Meanwhile the Brexit Secretary’s equally ambitious rival, Boris Johnson, says he won’t stand until Britain has completed its exit from the European Union in 2019.
Yet, despite these unequivocal answers, it speaks volumes about the paralysis gripping the Conservative party – and therefore the Government – that the speculation persists. Every week sees talk of a new ‘unity’ candidate, with Chancellor Philip Hammond joining the Brexit and Foreign Secretaries in the fray after finally finding his voice over access to the single market.
If Tory MPs and ministers think they can continue with this self-indulgence, less than a month after Theresa May lost her Commons majority in a snap election, they don’t deserve to govern – even with the now agreed support of Northern Ireland’s Democratic Unionist Party.
They need to realise they’re in a mess of their own making. I, for one, warned – repeatedly – that an early election was flawed because Mrs May was going back on her word and risking her biggest strength – the benefit of the doubt.
That said, the Prime Minister’s share of the vote, and number of ballots, compared favourably with Margaret Thatcher and would have sufficed if it was not for Labour’s resurgence.
Assuming her watered-down Queen’s Speech is now backed on Thursday, the first key Commons test of this Parliament, it’s probably still in the national interest that she remains in post – Brexit can’t be put off until the Tories settle on a leader, a new Prime Minister would have even less of a mandate and there’s no guarantee a change at the top will lead to the emergence of a better qualified PM.
The Brexit Secretary? Though the York-born Cabinet minister, 68, is emblematic of those Tories working their way from the very bottom to the top, he’s a spiky individual who did, in fact, advise Mrs May to hold an election on June 8.
Not a fluent public speaker, as he discovered to his cost in the 2005 leadership contest, he resigned as shadow home secretary, and Haltemprice and Howden MP, in order to fight a vanity by-election to highlight the importance of civil liberties.
The Foreign Secretary? The former Mayor of London is not regarded as a details man and was flummoxed last Wednesday when Radio 4’s Eddie Mair asked about the Queen’s Speech.
Asked how the legislative programme would tackle “burning injustices” previously highlighted by Mrs May, he ummed and arghed before sighing ‘hang on a second’ on air. Never before has a senior Minister been so under-prepared for a two-minute interview.
The Chancellor? Though Mr Hammond delivered a thoughtful Mansion House speech in which he made the case for transitional arrangements after Britain leaves the EU, his record does not inspire confidence.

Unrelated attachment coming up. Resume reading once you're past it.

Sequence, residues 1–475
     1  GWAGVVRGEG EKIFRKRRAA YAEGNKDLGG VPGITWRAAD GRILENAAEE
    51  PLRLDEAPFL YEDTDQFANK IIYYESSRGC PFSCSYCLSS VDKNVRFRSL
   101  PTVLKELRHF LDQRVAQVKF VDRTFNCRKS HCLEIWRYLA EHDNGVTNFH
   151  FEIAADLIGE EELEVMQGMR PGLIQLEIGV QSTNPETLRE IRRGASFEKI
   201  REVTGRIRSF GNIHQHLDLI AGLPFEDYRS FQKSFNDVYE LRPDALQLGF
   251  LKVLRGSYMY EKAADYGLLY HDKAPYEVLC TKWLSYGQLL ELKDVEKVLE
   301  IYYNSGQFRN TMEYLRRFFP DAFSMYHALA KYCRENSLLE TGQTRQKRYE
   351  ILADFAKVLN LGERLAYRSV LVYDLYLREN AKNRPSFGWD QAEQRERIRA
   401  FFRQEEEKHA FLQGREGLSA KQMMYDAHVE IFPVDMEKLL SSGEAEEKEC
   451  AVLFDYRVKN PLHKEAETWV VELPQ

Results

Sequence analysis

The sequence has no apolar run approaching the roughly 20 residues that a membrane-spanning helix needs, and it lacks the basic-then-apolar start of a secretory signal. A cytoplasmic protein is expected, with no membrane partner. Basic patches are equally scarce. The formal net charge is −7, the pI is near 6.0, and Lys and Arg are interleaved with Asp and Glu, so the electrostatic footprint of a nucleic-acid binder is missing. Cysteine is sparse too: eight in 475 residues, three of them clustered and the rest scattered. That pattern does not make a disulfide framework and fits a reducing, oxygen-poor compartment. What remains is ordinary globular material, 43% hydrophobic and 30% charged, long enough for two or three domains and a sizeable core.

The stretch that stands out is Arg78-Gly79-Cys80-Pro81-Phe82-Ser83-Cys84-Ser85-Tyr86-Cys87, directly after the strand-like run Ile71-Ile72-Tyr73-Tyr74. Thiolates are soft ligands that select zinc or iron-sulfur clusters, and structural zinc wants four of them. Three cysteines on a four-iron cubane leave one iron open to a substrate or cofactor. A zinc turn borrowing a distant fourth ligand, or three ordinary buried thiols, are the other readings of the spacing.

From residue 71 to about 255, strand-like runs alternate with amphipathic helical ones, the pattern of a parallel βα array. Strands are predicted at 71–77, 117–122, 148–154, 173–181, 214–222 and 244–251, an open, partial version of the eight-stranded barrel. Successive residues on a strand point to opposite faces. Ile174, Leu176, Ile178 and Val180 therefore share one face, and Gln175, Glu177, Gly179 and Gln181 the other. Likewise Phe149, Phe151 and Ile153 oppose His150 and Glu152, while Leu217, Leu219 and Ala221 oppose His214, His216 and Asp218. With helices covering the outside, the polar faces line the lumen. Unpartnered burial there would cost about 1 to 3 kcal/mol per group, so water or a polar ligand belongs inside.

His first Budget in March unravelled over a proposed NI increase against the self-employed and he allowed himself, as Chancellor, to be sidelined during the election when Labour’s spending free-for-all needed to be challenged. Spreadsheet Phil? More like Pushover Phil.
The best on offer by some distance, it’s hardly an inspiring choice.
Compare these three with the occupants of the great offices of state when Margaret Thatcher resigned in 1990 – John Major, Douglas Hurd and David Waddington were formidable figures.
Or when Mr Major lost the 1997 election – Ken Clarke, who says he’s never seen such political turbulence in his five-decade Parliamentary career, Malcolm Rifkind and Michael Howard were proven performers.
Or when David Cameron fell on his sword last year after losing the EU referendum – it could be argued that George Osborne, Philip Hammond and Theresa May were well-suited with their respective roles.
Where are the great leaders and statesmen of the future? Just as Mrs May promised on the steps of 10 Downing Street when she first became PM last July to reach out to those families ‘just about managing’, she now needs to do likewise for the sake of her party and her country.
She must not allow the work of government to grind to a halt. She needs to get the debate away from personalities and back onto policy. She should also not be afraid of Commons votes if it exposes Labour’s rank opportunism.
In the meantime, the person who is most deserving of the chance to become Prime Minister will be the person who can find a responsible way to give the nation a pay rise, and raise incomes, following the sustained squeezing of incomes in the public and private sectors.
The reason Jeremy Corbyn appealed to the masses, thereby denying the Tories a majority, is because sufficient people felt that the Government was no longer working for them.
This will determine the result of the next election, whenever it comes. Until a prospective premier can answer this conundrum, the Tories need to get on with governing before they self-destruct and leave the country in greater peril.